The Vice-President of the Polish Supreme Administrative Court and Professor at the University of Łódź Jacek Chlebny shared his experience with filing preliminary references with the Court of Justice of the European Union (CJEU) in cases regarding judicial review of natinal visa cases. He also spoke about the European Court for Human Rights (ECtHR) case M.K. and Others v Poland, which concerned the State practice of systematic push back of asylum seekers at the borders between Poland and Belarus. The judge stressed the need for individual assessment in all such cases. The question of the lack of suspensive effect of the refusals of entry was further discussed among participants. 

Assistant at the Czech Constitutional Court Hana Lupačová discussed the impact of the Covid-19 pandemic on asylum and other related procedures. The participants discussed the impact of the pandemics on the rights of migrants and refugees in the Czech Republic and other EU countries.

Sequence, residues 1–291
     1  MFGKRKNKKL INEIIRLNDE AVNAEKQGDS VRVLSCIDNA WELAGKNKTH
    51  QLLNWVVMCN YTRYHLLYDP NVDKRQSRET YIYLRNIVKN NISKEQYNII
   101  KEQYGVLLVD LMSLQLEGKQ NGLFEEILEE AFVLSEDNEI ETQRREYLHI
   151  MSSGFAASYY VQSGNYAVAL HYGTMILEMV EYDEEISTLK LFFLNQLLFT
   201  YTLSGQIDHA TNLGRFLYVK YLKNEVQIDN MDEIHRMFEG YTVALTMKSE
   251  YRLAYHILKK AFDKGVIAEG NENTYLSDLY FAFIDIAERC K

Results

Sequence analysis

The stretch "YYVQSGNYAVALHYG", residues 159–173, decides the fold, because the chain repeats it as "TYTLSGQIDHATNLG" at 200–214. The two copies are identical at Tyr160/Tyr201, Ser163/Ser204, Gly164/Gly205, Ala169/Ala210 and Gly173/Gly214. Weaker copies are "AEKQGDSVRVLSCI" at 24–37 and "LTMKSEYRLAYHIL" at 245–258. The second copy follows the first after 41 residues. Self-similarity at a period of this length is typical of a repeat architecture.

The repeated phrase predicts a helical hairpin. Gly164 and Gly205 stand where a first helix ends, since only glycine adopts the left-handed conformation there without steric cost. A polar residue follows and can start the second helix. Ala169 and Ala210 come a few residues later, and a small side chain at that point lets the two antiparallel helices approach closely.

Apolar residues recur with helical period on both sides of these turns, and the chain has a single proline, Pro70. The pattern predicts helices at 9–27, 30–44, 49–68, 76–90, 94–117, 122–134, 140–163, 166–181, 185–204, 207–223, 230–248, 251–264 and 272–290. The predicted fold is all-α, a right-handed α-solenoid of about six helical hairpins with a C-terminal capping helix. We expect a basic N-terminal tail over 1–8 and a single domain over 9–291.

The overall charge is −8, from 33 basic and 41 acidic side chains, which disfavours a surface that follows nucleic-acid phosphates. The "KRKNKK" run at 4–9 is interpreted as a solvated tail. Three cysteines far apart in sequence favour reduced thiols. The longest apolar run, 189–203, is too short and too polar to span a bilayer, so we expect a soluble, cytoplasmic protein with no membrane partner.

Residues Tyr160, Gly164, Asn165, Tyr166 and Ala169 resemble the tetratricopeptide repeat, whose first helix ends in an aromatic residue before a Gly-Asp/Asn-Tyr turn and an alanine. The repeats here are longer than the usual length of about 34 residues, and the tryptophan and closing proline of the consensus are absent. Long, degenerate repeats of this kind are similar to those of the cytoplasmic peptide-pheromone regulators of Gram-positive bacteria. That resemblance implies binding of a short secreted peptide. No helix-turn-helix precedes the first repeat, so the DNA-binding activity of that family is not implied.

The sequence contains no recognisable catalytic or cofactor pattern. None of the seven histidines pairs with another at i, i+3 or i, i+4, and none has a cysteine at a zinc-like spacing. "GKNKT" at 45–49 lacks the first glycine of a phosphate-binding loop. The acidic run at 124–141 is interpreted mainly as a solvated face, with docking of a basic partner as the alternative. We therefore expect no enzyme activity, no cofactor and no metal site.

The event further covered the issue of the right to family life of migrants. Nuala Mole, senior lawyer from the AIRE Center, discussed the right to private and family life especially in the context of termination of stay – in cases of expulsion and refusal to renew residence permits or refusal to regularise. She focused the relationship between the European Convention on Human rights and the Convention on the Rights of the Child in the context of the right to family life, especially the “best interest of the child” principle and the need for the authorities to demonstrate that the best interests of the child have been taken into consideration when children may be affected by the decision. Jan Kratochvíl, a judge of the Prague Municipal Court, commented on this issue from the national jurisprudence perspective.